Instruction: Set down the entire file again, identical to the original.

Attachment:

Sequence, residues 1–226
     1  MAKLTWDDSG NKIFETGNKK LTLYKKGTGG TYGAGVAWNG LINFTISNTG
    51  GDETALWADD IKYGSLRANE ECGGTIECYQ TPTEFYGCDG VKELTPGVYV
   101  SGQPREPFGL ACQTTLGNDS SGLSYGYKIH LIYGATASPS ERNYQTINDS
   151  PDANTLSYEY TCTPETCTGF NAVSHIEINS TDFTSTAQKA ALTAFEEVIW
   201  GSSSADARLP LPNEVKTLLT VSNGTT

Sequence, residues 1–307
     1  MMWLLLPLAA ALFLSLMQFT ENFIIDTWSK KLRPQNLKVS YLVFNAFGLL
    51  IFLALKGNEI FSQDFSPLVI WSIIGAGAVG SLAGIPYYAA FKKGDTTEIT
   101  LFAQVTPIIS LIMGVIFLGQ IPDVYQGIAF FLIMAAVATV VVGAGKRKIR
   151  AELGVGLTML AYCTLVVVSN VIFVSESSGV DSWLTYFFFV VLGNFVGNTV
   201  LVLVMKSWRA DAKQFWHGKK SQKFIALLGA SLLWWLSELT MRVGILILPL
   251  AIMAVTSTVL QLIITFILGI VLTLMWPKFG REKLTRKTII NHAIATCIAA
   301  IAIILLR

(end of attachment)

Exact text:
Sequence, residues 1–226
     1  MAKLTWDDSG NKIFETGNKK LTLYKKGTGG TYGAGVAWNG LINFTISNTG
    51  GDETALWADD IKYGSLRANE ECGGTIECYQ TPTEFYGCDG VKELTPGVYV
   101  SGQPREPFGL ACQTTLGNDS SGLSYGYKIH LIYGATASPS ERNYQTINDS
   151  PDANTLSYEY TCTPETCTGF NAVSHIEINS TDFTSTAQKA ALTAFEEVIW
   201  GSSSADARLP LPNEVKTLLT VSNGTT

Sequence, residues 1–307
     1  MMWLLLPLAA ALFLSLMQFT ENFIIDTWSK KLRPQNLKVS YLVFNAFGLL
    51  IFLALKGNEI FSQDFSPLVI WSIIGAGAVG SLAGIPYYAA FKKGDTTEIT
   101  LFAQVTPIIS LIMGVIFLGQ IPDVYQGIAF FLIMAAVATV VVGAGKRKIR
   151  AELGVGLTML AYCTLVVVSN VIFVSESSGV DSWLTYFFFV VLGNFVGNTV
   201  LVLVMKSWRA DAKQFWHGKK SQKFIALLGA SLLWWLSELT MRVGILILPL
   251  AIMAVTSTVL QLIITFILGI VLTLMWPKFG REKLTRKTII NHAIATCIAA
   301  IAIILLR